The mist curls in through the valley as we leave the house early last Saturday morning.  It bodes well – the signs of a warming earth after the prior week’s soaking rain.  We are off on an excursion to learn about mushroom foraging organised by Roushanna Gray from “Veld and Sea”.  She is an authority on edible indigenous plants and runs excellent courses on foraging and the culinary arts.  She has teamed up with Justin Williams, an expert on mushrooms and the outing to Newlands forest is an introduction to harvesting edible varieties.  After the hunt Roushanna presents picnic fare based around culinary delights and the health benefits of mushrooms.

In the preamble describing the outing which we received by email there is an allusion to sensory experience:  “Mushroom foraging is also known as “the silent hunt”, where your senses come to the fore in order to track and locate these hidden fungal treasures.”

We set the GPS coordinates and after arriving at the destination wonder how we will identify our ‘man’ in the busy carpark.   It isn’t a problem, there he is beaming with a basket in hand which contains a huge porcini.   Some mushrooms are big, but this is one prize specimen.  As the group gathers it’s like a magnet, drawing comments of awe.

“Where did you find it?”  Is the overall chorus.

“On the side of the freeway coming into the park, it was there basking in the sun,”  says Justin.

We hadn’t yet started the hunt and already it is off to an auspicious start.

New laws require a collecting permit, which entitle the holder to collect one basket. Justin as permit holder is appointed the official “Keeper of the all Mushrooms”.

It’s clear that as Justin briefs us on the subject, he is passionate about mushrooms.   We’re impressed by his broad knowledge and hang onto his words as he covers matters of identification, medicinal properties, folklore, history to the description of the fascinating underground part of the fungi network – the mycelium.   We’re to come away with a new respect for this remarkable organism. The efficacious effects such as the Turkey tail which research shows a role in combating cancer; or the crucial ecological role in the decomposition of organic matter and the nutrient cycling in the environment.  Though not least are it’s culinary delights, and a whole new discovery of sensory umami.

The beckoning forest is a kind of enchanted Tolkienish, an alchemy of fecund earth and pine scent.

Within moments of setting off along the path, Justin’s internal antennae twitch and he spots quite the most fabulous speciman:  a Shaggy parasol.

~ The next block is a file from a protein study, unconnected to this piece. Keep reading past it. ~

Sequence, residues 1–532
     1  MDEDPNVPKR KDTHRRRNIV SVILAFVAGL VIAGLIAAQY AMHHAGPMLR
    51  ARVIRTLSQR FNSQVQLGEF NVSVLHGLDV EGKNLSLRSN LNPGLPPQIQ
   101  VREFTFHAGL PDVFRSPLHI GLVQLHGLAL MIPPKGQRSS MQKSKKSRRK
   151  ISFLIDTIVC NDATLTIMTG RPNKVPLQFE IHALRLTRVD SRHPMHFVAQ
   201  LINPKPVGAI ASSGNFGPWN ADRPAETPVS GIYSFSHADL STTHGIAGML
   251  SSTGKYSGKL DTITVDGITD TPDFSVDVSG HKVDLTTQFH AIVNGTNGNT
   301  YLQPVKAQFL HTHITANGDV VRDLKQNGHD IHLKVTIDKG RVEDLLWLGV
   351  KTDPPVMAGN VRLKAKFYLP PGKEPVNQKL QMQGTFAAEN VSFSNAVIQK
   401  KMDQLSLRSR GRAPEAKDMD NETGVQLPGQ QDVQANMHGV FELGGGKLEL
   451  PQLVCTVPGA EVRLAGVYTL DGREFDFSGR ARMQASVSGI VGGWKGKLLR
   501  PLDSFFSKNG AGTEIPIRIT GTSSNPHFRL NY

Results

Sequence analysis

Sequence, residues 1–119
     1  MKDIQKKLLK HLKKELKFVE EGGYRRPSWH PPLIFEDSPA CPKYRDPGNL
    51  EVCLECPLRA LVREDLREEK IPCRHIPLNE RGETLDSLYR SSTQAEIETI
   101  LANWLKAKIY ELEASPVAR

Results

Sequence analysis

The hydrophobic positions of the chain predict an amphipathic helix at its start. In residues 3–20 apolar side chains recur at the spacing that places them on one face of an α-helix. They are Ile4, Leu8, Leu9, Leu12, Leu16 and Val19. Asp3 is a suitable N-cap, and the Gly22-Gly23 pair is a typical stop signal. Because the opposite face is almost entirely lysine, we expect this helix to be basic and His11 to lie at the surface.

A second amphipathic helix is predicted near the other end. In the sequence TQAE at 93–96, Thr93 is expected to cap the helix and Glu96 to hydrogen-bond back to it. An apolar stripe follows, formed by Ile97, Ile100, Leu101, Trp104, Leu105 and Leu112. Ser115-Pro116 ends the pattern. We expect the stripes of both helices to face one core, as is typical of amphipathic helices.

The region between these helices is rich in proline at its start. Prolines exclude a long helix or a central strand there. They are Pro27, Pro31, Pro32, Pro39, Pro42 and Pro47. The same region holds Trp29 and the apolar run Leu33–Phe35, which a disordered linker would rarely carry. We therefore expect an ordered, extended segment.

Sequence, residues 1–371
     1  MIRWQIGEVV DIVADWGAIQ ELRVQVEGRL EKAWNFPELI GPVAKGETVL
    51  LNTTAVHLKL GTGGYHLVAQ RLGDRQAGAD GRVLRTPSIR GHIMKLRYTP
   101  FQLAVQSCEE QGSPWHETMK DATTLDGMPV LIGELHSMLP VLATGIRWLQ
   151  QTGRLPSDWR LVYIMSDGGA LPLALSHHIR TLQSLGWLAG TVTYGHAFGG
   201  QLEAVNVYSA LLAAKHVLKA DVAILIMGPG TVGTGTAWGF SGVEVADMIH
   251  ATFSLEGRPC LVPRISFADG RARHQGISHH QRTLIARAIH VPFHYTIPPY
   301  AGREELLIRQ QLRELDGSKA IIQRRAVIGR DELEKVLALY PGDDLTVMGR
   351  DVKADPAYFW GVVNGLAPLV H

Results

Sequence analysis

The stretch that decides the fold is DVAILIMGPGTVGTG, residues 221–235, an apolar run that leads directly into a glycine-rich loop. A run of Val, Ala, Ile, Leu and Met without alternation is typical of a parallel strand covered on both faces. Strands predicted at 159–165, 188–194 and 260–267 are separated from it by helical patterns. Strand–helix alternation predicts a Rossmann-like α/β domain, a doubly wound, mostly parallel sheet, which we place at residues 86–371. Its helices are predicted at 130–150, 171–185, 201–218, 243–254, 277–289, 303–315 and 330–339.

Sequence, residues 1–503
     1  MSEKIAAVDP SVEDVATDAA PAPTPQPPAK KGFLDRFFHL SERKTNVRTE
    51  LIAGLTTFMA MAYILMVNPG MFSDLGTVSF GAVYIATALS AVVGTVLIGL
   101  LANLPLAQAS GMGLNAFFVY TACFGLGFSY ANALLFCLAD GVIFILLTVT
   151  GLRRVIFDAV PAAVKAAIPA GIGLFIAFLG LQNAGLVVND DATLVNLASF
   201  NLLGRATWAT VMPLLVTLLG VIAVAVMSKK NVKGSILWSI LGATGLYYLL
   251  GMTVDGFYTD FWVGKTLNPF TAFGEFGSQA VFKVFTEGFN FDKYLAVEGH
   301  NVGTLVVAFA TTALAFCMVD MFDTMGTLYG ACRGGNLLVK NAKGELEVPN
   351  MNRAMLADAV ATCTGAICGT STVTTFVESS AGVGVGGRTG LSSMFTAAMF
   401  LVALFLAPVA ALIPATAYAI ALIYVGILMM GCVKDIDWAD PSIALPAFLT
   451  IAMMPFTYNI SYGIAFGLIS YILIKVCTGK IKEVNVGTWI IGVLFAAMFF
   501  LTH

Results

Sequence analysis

It’s enormous, elaborate, textural  and we’re filled with a sense of reverence; into the basket it goes.  As we spot different species, Justin guides us through the identification process.   Toxic species like the panthercap or the fly agaric (highly hallucinogenic) could be confused with the Blusher (non toxic) species, and he warns it’s best not to take the risk in picking them.

There is a good yield of edible species: porcini (penny bun), bay boletus, pine rings and field mushrooms.  All are discovered with great deal of excitement.

The experience is topped by Roushanna’s wonderful picnic fare.  We start with an elixir – a drink which includes Turkey tail for it’s health giving properties; a tot of celebratory brandy buchu gives us a further boost.  Next is a rich earthy wild mushroom soup flavoured with marog, wild spinach, amaranth. This is followed by a delicious smorgasbord of green leaves, flowers and an aubergine and mushroom pate.  The finale is a heavenly brownie slice.  It’s pure decadence – boldly rich, the chocolate is as dark as the forest earth.  It’s texture is dense and flavours of truffle dust, num-num berries and foraged pine nuts seduce the palate.

Also at the picnic is Meghan Werner, the founder and brewmistress of Theonista kombucha tea.  The beverage is a delicious health enhancing product in combination of various flavours.  I choose the Rooibos and ginger, and there is also Rooibos and pomegranite, or green tea.   It’s a slightly effervescent  and tangy – an elixir made from tea and living cultures.

The whole experience is a treat; gathering food with a sense of sharing and appreciation.   I for one will be watching out for more from Roushanna’s inspiring programme of upcoming events and I’m hoping to follow Justin’s expanding recipe collection…. roll on fungi inspiration.